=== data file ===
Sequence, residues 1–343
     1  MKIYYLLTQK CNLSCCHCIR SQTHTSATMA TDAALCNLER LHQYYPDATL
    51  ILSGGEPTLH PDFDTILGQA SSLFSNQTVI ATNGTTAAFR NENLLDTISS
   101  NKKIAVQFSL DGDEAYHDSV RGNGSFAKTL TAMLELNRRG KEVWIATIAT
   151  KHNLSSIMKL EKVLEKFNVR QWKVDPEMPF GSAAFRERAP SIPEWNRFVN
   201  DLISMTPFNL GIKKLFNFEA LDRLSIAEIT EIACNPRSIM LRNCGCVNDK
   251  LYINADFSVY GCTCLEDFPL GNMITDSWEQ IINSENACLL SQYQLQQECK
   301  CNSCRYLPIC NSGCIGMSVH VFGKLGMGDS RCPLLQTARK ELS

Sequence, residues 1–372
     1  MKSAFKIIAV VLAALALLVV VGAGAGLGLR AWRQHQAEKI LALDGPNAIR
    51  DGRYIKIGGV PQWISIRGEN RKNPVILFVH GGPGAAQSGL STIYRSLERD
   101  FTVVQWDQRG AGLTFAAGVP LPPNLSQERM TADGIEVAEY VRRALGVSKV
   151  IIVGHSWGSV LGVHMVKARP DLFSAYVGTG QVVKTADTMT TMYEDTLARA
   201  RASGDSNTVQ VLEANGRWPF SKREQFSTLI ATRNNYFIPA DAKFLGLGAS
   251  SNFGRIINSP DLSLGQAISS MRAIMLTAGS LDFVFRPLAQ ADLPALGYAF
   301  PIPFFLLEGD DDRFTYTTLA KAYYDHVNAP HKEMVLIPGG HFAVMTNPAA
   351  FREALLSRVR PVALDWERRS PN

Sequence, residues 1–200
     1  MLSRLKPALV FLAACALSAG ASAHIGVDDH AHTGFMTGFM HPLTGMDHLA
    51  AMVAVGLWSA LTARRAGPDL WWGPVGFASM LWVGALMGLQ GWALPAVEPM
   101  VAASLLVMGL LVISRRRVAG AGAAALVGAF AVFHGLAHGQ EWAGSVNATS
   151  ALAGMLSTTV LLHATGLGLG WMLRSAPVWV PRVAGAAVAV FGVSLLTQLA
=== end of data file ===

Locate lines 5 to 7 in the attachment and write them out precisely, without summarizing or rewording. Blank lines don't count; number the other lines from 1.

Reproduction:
   151  KHNLSSIMKL EKVLEKFNVR QWKVDPEMPF GSAAFRERAP SIPEWNRFVN
   201  DLISMTPFNL GIKKLFNFEA LDRLSIAEIT EIACNPRSIM LRNCGCVNDK
   251  LYINADFSVY GCTCLEDFPL GNMITDSWEQ IINSENACLL SQYQLQQECK